British teen pop singer Twinkle existed in a world all her own, producing only a handful of singles in a relatively brief recording career. Yet her story would be mostly atypical of the era were it not for the fact that she wrote almost all of her own material, and that said material was often dark, depressing, and cynical, belying her sixteen years. Girl In A Million: The Complete Recordings collects all of those singles, as well as an unreleased album and other ephemera from her scattershot post-Sixties career.
Born Lynn Ripley in 1948, she lived a charmed life of privilege, attending the best boarding schools, and it was here where she first was egged on by her classmates to start singing. It didn’t hurt that her first boyfriend was a musician who also encouraged her to explore her musical talent, or that her sister Dawn was a notable music journalist. With such connections, it isn’t surprising that she landed a recording contract with Decca Records, and at 16 she released her debut single, “Terry.” Although the song is somewhat of a generic teen tragedy tale of a girl whose boyfriend dies in a motorcycle accident, it was an impressive first effort. Unfortunately, the subject matter caused a bit of controversy, and the song was banned—a fact that may have actually spurred the song to reach the Top Ten.
What followed next might not have been as big of a hit, but its legacy has made it her most well-regarded number. “Golden Lights” is a song wise beyond its years, a tale of a girl who watches as her boyfriend becomes a famous singer, and as a result he leaves her behind. It’s a most scathing indictment of fame and heartbreak. It also proved that the young Twinkle was muchwiser than her young age would lead you to believe, especially in an era where young men were suddenly becoming both superstars and sex symbols. Her heartbreak is palpable, while her condemnation of her former paramour is quite damning. (Unsurprisingly, its cynicism would be revisited in the 1980s by another reluctant pop star, Morrissey, who would praise Twinkle by covering the song with his band The Smiths.)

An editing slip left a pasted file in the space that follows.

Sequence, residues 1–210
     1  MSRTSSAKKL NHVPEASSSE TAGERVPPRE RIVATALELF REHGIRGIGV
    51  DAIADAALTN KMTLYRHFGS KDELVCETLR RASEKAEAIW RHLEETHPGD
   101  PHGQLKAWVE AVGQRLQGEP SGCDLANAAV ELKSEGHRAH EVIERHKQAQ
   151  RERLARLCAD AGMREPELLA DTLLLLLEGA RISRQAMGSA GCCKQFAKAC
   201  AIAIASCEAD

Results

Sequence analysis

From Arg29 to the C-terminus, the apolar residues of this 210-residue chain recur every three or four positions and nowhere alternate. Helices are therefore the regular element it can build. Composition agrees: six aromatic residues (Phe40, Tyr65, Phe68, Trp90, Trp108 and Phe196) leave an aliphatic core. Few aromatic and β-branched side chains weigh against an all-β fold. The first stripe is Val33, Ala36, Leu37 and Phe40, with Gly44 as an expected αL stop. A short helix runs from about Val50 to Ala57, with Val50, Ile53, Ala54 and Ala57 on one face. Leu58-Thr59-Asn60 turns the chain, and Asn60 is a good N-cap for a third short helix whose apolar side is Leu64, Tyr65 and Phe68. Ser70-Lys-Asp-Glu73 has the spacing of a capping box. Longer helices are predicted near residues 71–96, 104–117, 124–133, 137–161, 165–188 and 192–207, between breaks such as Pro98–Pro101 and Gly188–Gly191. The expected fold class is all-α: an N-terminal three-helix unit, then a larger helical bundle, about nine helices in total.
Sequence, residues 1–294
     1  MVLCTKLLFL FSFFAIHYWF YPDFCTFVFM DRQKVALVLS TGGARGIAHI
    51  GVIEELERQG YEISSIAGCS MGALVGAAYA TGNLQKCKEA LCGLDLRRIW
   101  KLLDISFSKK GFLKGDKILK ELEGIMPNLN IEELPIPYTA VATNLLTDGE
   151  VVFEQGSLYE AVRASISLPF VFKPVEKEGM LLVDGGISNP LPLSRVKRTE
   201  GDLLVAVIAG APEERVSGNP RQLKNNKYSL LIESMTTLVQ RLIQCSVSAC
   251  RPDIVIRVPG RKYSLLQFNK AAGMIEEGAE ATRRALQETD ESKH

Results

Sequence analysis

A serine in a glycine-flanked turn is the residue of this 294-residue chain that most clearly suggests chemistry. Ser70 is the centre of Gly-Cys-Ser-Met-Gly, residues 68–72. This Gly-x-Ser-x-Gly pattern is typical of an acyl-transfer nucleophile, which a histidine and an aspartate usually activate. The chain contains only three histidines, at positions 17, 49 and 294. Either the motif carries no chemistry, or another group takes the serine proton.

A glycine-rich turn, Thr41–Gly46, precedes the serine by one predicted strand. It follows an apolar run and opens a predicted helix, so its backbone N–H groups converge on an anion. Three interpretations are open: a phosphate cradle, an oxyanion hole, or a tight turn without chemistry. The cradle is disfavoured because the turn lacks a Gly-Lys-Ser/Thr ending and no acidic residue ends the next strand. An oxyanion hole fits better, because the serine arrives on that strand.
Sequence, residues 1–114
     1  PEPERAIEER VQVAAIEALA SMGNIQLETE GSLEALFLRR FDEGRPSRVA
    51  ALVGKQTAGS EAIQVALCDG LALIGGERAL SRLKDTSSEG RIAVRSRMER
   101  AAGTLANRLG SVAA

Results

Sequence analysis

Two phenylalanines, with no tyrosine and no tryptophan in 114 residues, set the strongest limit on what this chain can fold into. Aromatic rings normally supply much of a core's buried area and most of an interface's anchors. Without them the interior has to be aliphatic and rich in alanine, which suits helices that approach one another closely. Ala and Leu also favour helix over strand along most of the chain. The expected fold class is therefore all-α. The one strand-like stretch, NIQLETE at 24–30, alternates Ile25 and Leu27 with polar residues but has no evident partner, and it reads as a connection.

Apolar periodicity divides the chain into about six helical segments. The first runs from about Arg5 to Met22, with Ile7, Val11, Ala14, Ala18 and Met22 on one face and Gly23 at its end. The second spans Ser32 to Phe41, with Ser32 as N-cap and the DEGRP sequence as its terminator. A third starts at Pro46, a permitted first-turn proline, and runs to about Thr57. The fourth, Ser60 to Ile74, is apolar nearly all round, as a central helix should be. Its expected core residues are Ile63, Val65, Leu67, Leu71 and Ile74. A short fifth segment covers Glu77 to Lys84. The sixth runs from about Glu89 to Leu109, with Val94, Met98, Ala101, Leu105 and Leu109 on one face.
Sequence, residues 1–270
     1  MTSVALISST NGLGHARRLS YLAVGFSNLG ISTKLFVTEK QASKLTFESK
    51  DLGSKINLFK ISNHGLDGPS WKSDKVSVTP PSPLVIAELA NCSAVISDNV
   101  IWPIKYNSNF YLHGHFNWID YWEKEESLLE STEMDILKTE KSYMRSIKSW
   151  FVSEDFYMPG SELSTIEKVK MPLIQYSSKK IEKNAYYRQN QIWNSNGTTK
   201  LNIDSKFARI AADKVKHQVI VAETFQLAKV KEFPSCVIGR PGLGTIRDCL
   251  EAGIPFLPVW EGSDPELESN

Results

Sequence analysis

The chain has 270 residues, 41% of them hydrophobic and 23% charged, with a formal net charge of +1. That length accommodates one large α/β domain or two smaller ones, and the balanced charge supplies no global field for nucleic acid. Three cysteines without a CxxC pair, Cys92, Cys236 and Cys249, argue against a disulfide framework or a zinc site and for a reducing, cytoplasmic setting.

One would think that such a startling number would be the entrée to a well-regarded singing career, but alas, it was not to be. The following single, “Tommy,” was good, but it followed much in the same manner as its predecessors, and the rest of her output for Decca simply sounded unremarkable. A cover of “The End Of The World” was fine, but it paled in comparison to the Skeeter Davis version. When her contract with Decca came to an end in 1966, she declared her retirement from the music industry at the ripe old age of 18.
But even though she did not maintain a musical career, the flight of fancy never quite left. Music was to be a dalliance, a whim for a young woman who lived a charmed life of privilege, one for whom a singing career was not a necessity. Some of those moments are quite fine—her 1969 single, “Mickey,” was a fun slice of soulful pop—not unlike Elton John or Carole King—and her ballads “Days” and the previously unreleased 1971 recording “Take The Trouble” were also fine efforts. If they suffered from anything, it’s from underwhelming production, as if the desire to record was more important than commercial considerations. To that end, she would record an unreleased album, a concept of sorts to a former boyfriend, Michael Hannah, a working-class lad who became a male model yet died tragically in an airliner crash in 1974. It’s a stark, haunting work, even if its subject matter and its songs feel a little too inside for the regular listener to fully appreciate or understand. Then there was the novelty single recorded with her father as Bill & Coo, while a 1981 cover of “I’m A Believer” attempted to connect her with New Wave—to no avail.
But she probably didn’t mind. She had finally found love, and seemed content to raise her family and enjoy a simpler life outside of the confines of the spotlight, living quietly until passing away in 2015. She could have been a contender, as Girl In A Million shows; nothing on here is terrible and much of it is quite promising. But did she want it? Only she knew.
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